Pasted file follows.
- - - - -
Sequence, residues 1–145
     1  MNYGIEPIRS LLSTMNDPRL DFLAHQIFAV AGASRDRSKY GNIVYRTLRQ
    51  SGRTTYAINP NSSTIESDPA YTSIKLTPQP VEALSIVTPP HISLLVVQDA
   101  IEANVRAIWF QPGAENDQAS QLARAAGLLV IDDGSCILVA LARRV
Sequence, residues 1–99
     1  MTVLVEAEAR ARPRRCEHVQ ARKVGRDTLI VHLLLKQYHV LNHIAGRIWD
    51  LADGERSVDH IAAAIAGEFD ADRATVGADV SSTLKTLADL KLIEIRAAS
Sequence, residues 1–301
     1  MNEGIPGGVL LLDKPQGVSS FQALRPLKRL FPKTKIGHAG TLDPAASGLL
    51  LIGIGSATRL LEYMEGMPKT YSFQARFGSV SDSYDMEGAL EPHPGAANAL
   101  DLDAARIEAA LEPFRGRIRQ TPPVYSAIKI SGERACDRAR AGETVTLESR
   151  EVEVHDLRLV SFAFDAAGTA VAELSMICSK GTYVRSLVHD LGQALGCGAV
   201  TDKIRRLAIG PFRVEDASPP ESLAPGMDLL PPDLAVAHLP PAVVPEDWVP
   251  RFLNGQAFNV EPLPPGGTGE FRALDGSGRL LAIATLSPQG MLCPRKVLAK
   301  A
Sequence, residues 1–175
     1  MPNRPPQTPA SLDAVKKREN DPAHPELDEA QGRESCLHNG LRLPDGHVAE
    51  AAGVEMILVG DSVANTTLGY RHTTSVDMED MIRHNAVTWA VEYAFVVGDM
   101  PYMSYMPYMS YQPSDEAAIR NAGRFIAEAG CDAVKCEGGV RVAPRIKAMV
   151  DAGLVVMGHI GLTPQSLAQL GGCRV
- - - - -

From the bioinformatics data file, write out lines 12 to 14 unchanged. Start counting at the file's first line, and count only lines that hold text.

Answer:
   151  EVEVHDLRLV SFAFDAAGTA VAELSMICSK GTYVRSLVHD LGQALGCGAV
   201  TDKIRRLAIG PFRVEDASPP ESLAPGMDLL PPDLAVAHLP PAVVPEDWVP
   251  RFLNGQAFNV EPLPPGGTGE FRALDGSGRL LAIATLSPQG MLCPRKVLAK